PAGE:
Business & Economy

As cargo traffic grows, the ports face a shortage of truckers

A lot of trucking companies in the ports are looking for drivers.
A lot of trucking companies in the ports are looking for drivers.
Brian Watt/KPCC

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Cargo traffic at the ports of Los Angeles And Long Beach will grow modestly this year and see much stronger growth in 2016, according to a new report released by the Los Angeles County Economic Development Corporation (LAEDC).  

The LAEDC's International Trade Outlook says even with a labor dispute and growing congestion problems, the Ports of L.A. and Long Beach handled more than 15 million cargo containers in 2014. That was nearly 4 percent more than the year before and their third best year on record. The reports says that growth will slow to a modest half percent this year but speed up to 2.4 percent next year.

That growth comes as the ports face a shortage of truck drivers to haul the cargo to their next stop along the supply chain. On the roads around the port terminals, the truck shortage is evident.  Banners on business walls and placards on the sides of trucks read "Drivers Wanted."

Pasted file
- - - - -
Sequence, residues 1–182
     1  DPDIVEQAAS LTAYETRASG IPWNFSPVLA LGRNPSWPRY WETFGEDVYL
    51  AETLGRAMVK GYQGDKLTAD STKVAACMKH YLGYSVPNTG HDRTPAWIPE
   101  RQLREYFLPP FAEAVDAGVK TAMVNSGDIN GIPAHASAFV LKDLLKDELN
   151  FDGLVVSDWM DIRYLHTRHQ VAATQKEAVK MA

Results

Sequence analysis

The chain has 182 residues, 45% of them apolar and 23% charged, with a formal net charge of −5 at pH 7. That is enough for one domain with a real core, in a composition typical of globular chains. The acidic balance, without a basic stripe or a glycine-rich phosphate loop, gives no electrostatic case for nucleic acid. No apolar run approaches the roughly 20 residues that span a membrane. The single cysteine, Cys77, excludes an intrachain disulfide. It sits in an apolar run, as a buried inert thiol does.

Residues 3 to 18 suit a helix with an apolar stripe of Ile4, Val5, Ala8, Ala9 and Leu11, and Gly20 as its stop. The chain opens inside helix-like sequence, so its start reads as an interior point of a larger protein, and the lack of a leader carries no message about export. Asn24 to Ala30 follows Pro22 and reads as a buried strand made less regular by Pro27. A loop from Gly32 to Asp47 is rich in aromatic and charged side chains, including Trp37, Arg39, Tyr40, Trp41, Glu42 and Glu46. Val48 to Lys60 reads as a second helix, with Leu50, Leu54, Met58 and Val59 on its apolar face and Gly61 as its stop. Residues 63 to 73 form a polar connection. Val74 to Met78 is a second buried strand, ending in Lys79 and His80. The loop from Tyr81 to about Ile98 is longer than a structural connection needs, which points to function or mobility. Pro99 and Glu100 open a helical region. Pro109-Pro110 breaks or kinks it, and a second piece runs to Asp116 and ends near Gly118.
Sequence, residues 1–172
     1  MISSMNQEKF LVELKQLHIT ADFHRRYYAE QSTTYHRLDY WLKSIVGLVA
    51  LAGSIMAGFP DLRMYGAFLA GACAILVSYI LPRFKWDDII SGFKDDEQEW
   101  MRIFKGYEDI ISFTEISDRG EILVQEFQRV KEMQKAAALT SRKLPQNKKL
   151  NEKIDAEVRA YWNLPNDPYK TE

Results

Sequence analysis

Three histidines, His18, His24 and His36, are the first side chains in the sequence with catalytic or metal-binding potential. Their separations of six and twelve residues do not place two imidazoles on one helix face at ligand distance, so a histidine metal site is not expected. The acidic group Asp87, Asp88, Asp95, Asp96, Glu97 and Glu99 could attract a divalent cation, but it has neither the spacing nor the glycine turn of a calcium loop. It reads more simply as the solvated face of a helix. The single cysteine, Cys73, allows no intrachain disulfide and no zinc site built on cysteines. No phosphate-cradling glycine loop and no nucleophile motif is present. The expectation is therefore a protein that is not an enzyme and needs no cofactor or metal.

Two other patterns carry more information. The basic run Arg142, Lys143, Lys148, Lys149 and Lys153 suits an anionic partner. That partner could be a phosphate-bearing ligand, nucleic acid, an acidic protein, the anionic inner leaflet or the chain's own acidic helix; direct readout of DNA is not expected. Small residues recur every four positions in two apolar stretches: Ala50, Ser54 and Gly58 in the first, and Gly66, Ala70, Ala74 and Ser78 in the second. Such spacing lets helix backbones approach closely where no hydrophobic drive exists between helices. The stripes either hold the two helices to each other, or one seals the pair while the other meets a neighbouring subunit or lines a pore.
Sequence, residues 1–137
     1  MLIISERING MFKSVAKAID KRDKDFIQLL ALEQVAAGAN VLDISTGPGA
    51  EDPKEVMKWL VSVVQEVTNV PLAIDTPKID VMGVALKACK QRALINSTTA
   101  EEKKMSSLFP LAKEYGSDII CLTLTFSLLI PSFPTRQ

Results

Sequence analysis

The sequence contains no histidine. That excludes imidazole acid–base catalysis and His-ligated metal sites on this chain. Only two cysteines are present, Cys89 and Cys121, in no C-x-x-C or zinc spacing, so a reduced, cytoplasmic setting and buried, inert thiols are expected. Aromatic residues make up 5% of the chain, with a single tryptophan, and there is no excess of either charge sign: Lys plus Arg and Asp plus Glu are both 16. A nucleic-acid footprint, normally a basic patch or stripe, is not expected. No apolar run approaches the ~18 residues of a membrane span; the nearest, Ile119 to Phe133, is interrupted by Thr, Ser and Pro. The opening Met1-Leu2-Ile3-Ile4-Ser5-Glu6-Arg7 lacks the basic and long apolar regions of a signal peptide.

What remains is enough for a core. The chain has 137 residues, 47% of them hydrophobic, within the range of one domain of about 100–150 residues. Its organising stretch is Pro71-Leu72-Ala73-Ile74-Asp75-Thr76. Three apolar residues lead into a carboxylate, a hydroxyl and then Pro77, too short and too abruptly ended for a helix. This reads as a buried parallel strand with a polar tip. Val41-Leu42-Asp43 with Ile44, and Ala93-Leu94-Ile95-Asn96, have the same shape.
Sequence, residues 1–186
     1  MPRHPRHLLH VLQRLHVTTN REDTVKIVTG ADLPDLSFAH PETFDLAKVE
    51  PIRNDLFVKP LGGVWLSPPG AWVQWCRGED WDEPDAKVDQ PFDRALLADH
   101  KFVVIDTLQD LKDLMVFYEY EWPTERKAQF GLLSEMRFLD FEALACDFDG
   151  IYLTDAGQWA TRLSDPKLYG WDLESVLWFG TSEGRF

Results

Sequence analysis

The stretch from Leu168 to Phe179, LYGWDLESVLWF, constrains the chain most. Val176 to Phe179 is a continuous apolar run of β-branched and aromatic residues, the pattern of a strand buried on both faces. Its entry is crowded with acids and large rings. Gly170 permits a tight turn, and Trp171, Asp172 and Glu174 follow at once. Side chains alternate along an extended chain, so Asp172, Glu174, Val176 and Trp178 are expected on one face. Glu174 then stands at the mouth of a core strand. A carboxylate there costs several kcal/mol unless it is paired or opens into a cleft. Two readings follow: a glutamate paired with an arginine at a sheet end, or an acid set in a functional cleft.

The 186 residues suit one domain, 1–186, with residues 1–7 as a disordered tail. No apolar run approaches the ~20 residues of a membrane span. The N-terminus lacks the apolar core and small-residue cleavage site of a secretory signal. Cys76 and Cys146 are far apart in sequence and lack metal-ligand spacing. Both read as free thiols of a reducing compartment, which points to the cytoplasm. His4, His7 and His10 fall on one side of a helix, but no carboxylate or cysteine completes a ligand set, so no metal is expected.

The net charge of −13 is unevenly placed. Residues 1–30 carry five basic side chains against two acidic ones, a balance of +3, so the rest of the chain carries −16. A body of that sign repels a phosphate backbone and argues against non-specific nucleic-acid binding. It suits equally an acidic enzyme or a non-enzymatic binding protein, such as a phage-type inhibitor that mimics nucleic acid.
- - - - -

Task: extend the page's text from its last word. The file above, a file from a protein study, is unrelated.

"There is a trucker shortage. A lot of that has to do with congestion," says Weston LaBar, the Executive Director of the Harbor Trucking Association, the trade group for what are known as "drayage" firms in the ports of Los Angeles, Long Beach and Oakland.  

Two main factors are causing the congestion: larger ships docking that take longer to unload and a shortage of chassis, which truck drivers use to attach the cargo containers to their rigs. Both situations make truck drivers wait longer at the terminals to pick up their loads.  Since most port truckers are paid by the load, rather than by the hour, and many must cover expenses related to their trucks, they're finding it hard to earn a good living.

To address the shortage, The Harbor Trucking Association and Long Beach City College started a 14-week training program for truck drivers in 2013.  It teaches driving and port procedures, gets drivers certified to access the ports, and includes a component on the entrepreneurship of owning a truck.  

"You’re getting more than just keys to a truck," LaBar told KPCC.  "You’re getting the opportunity to live the American dream and own your own company."  

The program has produced 100 graduates, and LaBar says three quarters of them were hired by drayage firms. With a new grant from the Wal-Mart Foundation and the nonprofit Jobs For the FUTURE, it plans to produce 300 more certified port truckers in the next two years. 

Robert Kleinhenz, the LAEDC's chief economist and a lead author of its International Trade Outlook said trucks and railroads are one of the reasons that the Southern California ports maintain a competitive edge. He suggested that laws of supply and demand could work out in future port truckers' favor. 

"As with shortages in other markets, a shortage of truckers is expected to drive up wages, and in turn, higher wages would lure more people into the profession," Kleinhenz told KPCC.